My Life in PR
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My life in PR, this much I know - adrian brady

My Life in PR – This Much I Know, is an interview series that talks to PR professionals about their career journey and what they’ve learned along the way. From the innovation that they wish they had invented, to their favourite books and mentors who have left a lasting impact. This series covers more than just career advice and takes a look at the person behind the title. Adrian Brady is the Chairman at Eulogy, a full service communications and PR agency. Adrian was appointed as Chairman in 2018, but he has been with the agency for over 25 years. Adrian began his career in the tourism industry and subsequently moved to London in 1993, where he worked in database marketing. He began his PR agency career working across consumer and business brands including Royal Mail and Whitbread before launching Eulogy in 1996. Eulogy works with a wide range of clients, from Panasonic and Hilton to Headspace and Jack Daniel’s.

Name the one work tool that you couldn’t live without

Probably Microsoft Teams, post-pandemic. Something we all feed into but can now help us with an efficient & effective working style.

What communications innovation do you wish you had come up with?

The smartphone. Only because I remember the original Nokias!

What is the best book you have read in the past year?

The Heart's Invisible Furies by John Boyne. Those of us who grew up in the 80's will have heard of or seen a lot of what the book touches on within our own friendship and family groups.

Why did you decide to follow a career in PR?

PR seemed a powerful discipline, and exciting too. From a marketing perspective it appeared, even to a novice such as myself, that PR could both help build brands and drive sales very effectively. It also clearly helped brands be known by consumers who often simply immersed themselves with clever creative output in a way they didn't with more intrusive forms of marketing.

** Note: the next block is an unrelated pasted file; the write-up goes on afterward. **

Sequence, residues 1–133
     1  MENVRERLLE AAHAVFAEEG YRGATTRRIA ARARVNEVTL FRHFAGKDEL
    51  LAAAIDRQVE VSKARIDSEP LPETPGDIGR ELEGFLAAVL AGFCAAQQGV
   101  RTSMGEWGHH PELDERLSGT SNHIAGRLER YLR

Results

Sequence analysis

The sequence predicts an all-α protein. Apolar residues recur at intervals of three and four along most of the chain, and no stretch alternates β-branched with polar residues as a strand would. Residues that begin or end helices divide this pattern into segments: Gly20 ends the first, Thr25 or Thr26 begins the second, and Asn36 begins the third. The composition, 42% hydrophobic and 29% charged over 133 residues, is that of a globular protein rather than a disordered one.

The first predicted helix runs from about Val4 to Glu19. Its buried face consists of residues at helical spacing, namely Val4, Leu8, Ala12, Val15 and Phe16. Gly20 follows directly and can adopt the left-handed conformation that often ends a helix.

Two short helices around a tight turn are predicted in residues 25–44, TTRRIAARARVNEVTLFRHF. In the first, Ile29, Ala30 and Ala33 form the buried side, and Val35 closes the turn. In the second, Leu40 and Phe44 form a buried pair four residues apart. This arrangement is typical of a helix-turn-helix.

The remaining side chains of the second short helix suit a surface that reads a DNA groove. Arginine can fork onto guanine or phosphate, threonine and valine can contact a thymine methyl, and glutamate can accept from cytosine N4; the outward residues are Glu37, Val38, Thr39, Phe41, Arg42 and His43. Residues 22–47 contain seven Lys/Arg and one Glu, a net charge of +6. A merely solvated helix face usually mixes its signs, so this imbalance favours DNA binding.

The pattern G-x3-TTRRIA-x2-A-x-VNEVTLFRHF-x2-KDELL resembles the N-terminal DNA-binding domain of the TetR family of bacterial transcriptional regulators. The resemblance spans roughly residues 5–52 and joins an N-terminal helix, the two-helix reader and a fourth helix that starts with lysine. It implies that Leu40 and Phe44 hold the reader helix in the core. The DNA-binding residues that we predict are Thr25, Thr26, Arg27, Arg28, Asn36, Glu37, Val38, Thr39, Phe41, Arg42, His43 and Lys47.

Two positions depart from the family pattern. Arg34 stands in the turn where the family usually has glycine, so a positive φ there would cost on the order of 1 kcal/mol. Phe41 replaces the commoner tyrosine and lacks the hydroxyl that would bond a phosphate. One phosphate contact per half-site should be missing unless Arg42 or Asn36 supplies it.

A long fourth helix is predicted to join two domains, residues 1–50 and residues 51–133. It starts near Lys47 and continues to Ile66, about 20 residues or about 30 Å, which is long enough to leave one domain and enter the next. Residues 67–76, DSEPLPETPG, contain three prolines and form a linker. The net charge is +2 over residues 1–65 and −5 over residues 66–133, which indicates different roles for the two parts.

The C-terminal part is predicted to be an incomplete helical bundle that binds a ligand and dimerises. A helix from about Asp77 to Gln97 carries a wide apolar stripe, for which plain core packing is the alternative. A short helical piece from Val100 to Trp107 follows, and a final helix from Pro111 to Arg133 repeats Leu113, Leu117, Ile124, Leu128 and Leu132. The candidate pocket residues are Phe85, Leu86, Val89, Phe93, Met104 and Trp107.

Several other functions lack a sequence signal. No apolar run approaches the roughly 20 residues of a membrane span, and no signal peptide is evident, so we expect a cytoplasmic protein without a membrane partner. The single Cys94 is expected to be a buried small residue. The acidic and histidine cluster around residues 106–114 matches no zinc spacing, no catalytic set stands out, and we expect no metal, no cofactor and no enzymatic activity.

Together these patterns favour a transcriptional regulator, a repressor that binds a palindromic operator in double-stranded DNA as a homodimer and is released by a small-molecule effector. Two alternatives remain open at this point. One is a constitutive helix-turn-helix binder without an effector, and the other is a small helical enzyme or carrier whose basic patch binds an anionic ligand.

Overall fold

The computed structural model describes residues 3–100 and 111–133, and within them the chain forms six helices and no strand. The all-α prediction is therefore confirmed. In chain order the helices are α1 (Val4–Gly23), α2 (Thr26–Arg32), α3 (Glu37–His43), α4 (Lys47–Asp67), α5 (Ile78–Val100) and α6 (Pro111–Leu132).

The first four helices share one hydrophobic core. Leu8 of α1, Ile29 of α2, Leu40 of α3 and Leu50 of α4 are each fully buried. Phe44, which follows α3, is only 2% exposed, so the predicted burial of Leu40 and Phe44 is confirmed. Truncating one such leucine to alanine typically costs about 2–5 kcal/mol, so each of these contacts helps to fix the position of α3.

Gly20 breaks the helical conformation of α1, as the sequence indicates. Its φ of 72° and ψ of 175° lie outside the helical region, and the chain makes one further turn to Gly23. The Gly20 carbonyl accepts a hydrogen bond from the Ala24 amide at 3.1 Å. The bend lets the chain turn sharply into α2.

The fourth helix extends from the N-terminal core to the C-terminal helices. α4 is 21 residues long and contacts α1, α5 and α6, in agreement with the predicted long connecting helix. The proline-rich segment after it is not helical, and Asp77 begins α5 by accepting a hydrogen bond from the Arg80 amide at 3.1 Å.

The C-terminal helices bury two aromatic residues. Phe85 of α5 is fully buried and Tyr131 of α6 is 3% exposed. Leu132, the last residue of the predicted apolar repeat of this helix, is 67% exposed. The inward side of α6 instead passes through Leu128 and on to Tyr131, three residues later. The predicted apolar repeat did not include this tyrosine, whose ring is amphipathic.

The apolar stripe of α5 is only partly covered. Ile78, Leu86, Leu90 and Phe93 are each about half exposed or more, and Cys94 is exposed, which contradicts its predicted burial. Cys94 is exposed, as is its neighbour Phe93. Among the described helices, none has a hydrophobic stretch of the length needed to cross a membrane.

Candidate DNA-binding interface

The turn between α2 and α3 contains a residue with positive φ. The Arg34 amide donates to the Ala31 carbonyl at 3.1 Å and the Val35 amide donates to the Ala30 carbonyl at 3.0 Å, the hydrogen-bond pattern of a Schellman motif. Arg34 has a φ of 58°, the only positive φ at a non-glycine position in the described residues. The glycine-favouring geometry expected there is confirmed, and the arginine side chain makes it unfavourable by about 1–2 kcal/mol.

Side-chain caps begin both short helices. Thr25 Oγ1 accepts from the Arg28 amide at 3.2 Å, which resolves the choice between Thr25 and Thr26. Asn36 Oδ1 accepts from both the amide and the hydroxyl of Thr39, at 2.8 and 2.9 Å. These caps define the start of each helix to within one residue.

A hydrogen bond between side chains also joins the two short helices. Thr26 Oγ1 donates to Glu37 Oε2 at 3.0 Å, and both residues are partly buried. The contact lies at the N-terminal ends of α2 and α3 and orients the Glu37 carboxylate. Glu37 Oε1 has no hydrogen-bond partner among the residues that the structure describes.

What do you know now that you wish you knew at the start of your career?

It's the same answer as a key lesson I learned when Eulogy launched 25 years ago: Don't be afraid to talk with the most senior people you can access. The good ones will always want to hear your ideas and learn from you too.

What one piece of advice would you give to someone starting out in their career in PR?

Be open to experiencing different disciplines within PR itself. It will help you understand and identify your strengths. Which may not necessarily be what you think they are at the outset.

What are the three biggest lessons that you have learned throughout your career?

  1. Be decent to people.
  2. Your most junior contact today could be your biggest client or your best media contact in a few years.
  3. Always make yourself available.

Name three principles that you hold dear when it comes to your PR work

  1. Make sure you can write well.
  2. Be creative and surround yourself with others who are too.
  3. Nurture relationships.

If you could make one lasting change in the PR industry, what would it be?

Make our industry more confident about the positive change that communications delivers.

What are your top three media relations tips?

  1. Identify why a story works for a specific contact.
  2. Understand the specific editorial pressures at each title.
  3. Always try to give additional material beyond your own remit to help a journalist sell the story to their own team.

What do you love most about working in PR?

The buzz for clients and agency teams when a campaign comes to life.

Who in the media do you most admire and why?

Lis Field, my close colleague and our CEO. She's talented and straight talking. A great combo.

Who was your first boss in a media related job and what did you learn from them?

My first boss was in hospitality, not media. But he made a massive impact on myself and many other young people. In the 80's, Damien Brennan opened a great nouvelle cuisine restaurant called Reveries in Rosses Point. An absolutely crazy concept for its time, when you look back. The lessons Damien taught me about customer service, creativity and how to treat people at work inspired my college studies and have stuck with me throughout my career.More about AdrianLinkedIn:

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